Thursday, March 1, 2012

Rogue Creamery

Rogue Creamery, Central Point, Oregon

As part of the homework required for the NZ CheeseMaster study I was doing last year, I researched and wrote about Smokey Blue, a smoked blue cheese made by Rogue Creamery.  So since we were in our campervan and headed towards this part of the world, we had to stop by and visit.

From reading the history behind the Rogue Creamery, I have to say I was expecting the location to be a bit more quaint – perhaps next to the river or nestled beside the hills.  The town of Central Point is in a big valley in hills, but the feeling was more of a typical US town spread out along an urban highway.  Never mind, as once we got inside the shop we were made to feel very welcome.  The shop looks into the cheddar making room which was having some maintenance.  The blue room is in a different, but attached, building which we unfortunately couldn’t see.  The shop itself has two cheese display cabinets.  Once full of various Rogue cheddars and other cheeses from Europe as well as the US (including some from Cowgirl Creamery, featured in a previous blog entry).  The second display cabinet was named “Blue Heaven” and indeed it was – with seven different blue cheeses (all made by Rogue) on display, each in stacks of wheels.  Once we got talking to Tom, the cheese shop manager, he gave us a run through of his favourites.  Tasting through all these blues in one go is a really good way to see the subtle (and not so subtle) differences that can be found in blue cheese.

#6: Oregon Blue.  This is the original and famous cheese made by Rogue Creamery back in 1956.  It is made from raw cows milk, and aged for at least 90 days.  It was firm to bite, creamy in flavour, with a light blue mould flavour.  Well balanced.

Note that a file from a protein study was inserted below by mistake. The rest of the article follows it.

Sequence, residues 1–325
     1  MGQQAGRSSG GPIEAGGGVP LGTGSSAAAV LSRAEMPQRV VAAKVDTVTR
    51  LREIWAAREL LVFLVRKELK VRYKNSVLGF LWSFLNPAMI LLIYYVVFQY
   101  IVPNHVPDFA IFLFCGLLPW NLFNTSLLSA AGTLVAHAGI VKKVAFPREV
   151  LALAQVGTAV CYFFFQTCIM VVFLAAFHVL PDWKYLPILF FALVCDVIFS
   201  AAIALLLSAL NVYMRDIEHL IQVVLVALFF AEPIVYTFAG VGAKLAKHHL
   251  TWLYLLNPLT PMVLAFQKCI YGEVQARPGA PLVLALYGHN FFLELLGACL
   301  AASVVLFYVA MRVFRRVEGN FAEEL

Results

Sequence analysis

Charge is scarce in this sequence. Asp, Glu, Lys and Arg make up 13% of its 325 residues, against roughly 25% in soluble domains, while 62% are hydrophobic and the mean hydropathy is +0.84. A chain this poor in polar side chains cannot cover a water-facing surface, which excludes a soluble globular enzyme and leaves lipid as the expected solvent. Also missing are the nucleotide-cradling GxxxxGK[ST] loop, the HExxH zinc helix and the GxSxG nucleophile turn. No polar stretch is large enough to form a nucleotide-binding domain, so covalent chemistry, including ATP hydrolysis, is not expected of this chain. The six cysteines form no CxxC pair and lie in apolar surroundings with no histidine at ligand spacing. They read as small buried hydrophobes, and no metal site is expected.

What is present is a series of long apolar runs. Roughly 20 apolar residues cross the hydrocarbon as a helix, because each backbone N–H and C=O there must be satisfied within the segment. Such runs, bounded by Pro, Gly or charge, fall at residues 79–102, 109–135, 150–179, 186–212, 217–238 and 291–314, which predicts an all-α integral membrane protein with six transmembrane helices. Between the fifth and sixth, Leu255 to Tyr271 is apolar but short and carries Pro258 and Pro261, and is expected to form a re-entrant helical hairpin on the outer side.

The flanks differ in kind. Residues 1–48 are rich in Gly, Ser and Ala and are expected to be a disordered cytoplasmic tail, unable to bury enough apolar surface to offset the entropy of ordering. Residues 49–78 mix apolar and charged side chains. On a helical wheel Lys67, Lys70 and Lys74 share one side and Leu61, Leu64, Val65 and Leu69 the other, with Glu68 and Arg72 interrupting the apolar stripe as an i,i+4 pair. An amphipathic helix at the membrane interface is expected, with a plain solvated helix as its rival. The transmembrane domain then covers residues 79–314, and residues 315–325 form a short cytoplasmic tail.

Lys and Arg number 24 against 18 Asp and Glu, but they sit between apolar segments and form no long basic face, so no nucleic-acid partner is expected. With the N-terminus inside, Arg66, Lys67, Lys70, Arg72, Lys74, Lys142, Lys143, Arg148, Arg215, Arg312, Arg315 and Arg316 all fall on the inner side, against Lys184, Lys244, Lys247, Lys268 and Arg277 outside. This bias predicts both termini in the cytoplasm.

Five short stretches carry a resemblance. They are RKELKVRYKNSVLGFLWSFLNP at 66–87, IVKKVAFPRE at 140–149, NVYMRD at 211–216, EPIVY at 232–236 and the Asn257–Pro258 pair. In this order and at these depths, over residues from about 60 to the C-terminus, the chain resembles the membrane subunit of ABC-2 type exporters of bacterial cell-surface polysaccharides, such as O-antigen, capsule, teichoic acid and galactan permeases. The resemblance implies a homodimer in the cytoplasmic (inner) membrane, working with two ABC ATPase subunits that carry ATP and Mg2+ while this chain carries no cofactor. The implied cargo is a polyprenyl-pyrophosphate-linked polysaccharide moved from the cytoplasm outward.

#7: Rogue River Blue.  This immediately tasted more aged than the Oregon Blue.  A creamier texture, a stronger blue moudl flavour, with some floral notes.  A small amount of crunch in the veins, and a savoury aftertaste.  Whole wheels of the cheese are wrapped in hand picked vine leaves which have been soaked in pear brandy.  Rogue River Blue is only made from Autumn milk – this example was about 18 months old.

#8: Smokey Blue.  This is Oregon Blue cheese that has been cold smoked in whole rounds over hazelnut shells for 16 hours.  Quite a strong smokey flavour comes through, slowly at first, but this does not override the blue mould flavour or the saltiness of the cheese.  When swallowed the smoke leaves a slight savoury, bacony flavour.  We were told that it took a long time to perfect this cheese (playing with different smoke sources and conditions) and this shows, as the cheese we tasted was very well balanced – delicious. 

#9: Chocolate Stout Cheddar.  This was an interesting one to try after all the blues. Cheddar curd is mixed with some chocolate stout and pressed together – which gives a very lightly marbled cheese block.  The cheese itself has a slightly sweet, slightly yeasty/fruity note, mixed with a young cheddar texture and flavour.  Not quite the flavour I was expecting from the name – this is quite a delicate cheese. 

And lastly, to finish off with something unusual, Tom gave us a taste of a wasabi goat chevre.  Clean, fresh, slightly acidic as you would expect from a good chevre, but with a good punch from the wasabi as you swallow.  I would definitely eat more of this – but we forgot to ask where it was from… Vermont or somewhere on the East Coast I think.  We shall have to make a trip there sometime.  

"Blue Heaven" at Rogue Creamery.  

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